SCEC Award Number 16001 View PDF
Proposal Category Individual Proposal (Integration and Theory)
Proposal Title Nonlinear attenuation of strong seismic waves, intact rock as a fragile geological feature, and modulation of tectonic strain by strong ground motions
Investigator(s)
Name Organization
Norman Sleep Stanford University
Other Participants
SCEC Priorities 6e, 6b, 2d SCEC Groups Geology, GMP, Seismology
Report Due Date 03/15/2017 Date Report Submitted 03/08/2017
Project Abstract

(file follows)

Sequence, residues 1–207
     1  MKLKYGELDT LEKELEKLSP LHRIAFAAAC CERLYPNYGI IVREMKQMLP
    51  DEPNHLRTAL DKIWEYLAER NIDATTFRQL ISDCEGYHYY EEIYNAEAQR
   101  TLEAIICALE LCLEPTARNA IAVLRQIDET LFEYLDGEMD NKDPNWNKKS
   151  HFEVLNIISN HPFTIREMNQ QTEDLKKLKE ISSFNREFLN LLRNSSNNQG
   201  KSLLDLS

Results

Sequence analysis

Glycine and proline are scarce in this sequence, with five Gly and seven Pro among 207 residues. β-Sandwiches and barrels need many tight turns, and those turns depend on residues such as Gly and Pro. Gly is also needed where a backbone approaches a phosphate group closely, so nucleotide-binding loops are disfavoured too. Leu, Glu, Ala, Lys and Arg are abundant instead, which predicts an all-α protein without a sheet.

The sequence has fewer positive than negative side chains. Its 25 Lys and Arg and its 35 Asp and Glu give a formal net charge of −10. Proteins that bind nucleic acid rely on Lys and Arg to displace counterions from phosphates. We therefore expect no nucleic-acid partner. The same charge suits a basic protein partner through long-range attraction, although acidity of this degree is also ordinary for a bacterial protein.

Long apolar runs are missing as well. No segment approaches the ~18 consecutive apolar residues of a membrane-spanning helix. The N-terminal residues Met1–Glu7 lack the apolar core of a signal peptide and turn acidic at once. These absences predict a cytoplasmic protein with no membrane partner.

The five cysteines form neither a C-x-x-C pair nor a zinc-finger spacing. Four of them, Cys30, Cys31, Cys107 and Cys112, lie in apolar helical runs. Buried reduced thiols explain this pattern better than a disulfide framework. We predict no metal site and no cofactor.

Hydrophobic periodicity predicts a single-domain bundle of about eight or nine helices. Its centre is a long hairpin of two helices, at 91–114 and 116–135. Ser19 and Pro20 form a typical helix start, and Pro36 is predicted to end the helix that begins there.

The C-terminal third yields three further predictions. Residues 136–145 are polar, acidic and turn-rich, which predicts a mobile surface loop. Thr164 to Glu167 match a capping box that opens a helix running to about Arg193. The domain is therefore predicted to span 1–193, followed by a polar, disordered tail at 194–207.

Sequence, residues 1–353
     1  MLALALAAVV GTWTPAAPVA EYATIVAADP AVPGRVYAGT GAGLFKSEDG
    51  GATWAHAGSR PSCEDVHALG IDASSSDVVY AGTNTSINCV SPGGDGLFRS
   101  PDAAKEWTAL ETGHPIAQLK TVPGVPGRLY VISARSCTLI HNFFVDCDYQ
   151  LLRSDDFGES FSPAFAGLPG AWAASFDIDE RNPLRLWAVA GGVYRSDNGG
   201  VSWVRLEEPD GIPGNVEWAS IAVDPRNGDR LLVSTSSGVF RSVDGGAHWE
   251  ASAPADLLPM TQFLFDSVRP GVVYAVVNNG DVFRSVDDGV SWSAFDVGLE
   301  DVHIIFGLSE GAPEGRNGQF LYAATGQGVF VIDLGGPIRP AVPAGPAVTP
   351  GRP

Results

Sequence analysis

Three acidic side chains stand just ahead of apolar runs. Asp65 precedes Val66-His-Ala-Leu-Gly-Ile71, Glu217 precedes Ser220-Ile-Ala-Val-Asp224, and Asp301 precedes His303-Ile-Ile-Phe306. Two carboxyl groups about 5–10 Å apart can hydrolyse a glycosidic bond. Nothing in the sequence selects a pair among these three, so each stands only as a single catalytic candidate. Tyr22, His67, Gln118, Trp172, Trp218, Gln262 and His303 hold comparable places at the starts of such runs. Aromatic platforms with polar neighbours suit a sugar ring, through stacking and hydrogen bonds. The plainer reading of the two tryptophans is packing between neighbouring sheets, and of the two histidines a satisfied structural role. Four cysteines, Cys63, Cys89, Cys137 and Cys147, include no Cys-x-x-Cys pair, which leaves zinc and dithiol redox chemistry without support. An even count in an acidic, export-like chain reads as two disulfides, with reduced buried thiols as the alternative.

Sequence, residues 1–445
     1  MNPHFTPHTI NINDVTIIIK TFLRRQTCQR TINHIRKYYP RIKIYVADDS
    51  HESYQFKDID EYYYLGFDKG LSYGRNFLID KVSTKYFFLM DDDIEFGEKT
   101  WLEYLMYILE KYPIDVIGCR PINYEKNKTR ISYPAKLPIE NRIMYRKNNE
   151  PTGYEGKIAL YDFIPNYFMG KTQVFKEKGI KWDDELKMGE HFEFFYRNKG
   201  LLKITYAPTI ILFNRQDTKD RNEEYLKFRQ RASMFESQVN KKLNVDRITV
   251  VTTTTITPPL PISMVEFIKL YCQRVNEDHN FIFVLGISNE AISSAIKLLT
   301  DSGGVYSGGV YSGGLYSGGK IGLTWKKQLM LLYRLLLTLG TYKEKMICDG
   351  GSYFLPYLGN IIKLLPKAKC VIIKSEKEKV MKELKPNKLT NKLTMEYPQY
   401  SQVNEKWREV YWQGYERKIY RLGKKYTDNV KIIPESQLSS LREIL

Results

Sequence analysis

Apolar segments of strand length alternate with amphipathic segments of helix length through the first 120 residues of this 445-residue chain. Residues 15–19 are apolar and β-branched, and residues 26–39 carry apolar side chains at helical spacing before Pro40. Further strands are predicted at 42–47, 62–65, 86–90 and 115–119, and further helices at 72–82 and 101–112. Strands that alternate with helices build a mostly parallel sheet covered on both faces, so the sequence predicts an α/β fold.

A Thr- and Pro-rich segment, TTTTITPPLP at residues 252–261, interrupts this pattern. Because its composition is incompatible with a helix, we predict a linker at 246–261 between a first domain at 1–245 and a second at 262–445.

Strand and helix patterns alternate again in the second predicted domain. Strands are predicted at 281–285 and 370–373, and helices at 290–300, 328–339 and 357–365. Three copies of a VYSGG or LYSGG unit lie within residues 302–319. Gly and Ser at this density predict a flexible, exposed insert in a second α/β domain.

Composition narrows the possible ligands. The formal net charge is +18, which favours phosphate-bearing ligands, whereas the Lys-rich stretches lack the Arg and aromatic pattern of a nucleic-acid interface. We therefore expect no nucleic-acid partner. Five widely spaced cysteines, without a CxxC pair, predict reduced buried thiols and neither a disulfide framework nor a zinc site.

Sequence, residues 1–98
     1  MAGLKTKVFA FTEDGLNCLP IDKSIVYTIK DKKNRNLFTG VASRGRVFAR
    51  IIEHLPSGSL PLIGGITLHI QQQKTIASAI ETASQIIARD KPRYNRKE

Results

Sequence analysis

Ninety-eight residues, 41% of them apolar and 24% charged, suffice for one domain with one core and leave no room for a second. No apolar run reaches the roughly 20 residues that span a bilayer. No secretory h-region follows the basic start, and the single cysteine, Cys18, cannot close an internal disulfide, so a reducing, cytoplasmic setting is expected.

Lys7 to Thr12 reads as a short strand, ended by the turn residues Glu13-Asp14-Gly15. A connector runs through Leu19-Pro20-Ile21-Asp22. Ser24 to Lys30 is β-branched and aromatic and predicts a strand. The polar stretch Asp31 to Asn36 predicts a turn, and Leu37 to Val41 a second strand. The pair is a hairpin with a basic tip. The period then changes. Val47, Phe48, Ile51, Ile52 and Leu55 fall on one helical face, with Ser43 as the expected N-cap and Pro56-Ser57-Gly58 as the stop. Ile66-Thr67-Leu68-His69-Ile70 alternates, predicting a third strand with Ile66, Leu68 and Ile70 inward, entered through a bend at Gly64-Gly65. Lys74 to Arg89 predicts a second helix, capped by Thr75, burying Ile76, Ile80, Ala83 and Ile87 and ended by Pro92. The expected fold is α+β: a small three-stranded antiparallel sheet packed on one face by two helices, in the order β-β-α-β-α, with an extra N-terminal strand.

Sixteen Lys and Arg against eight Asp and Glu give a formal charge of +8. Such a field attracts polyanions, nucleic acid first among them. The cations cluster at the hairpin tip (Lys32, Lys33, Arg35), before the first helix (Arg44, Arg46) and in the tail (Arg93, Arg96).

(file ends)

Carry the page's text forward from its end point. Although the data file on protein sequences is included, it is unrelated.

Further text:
Strong seismic waves bring the subsurface beyond its elastic limit. In particular, surface waves produce strain that varies slowly with depth. The dynamic stress is strain times the stiffness. Failure occurs when this stress exceeds the frictional strength, cracking the rock and reducing the stiffness. The stiffness self-organizes with depth in the damaged zone so that failure is just reached in strong events, yielding an estimate of past shaking. We have used borehole data to confirm the predicted effects on stiffness from finite past water table depth and coefficients of friction depending on clay content occur. We have numerically modeled strong vertical S-waves at shallow depths. We used scaling relationships to study the rupture tip and the near fault environment of large earthquakes. We documented nonlinear interaction of S-waves with Rayleigh waves, which constrains three-dimensional frictional failure criteria.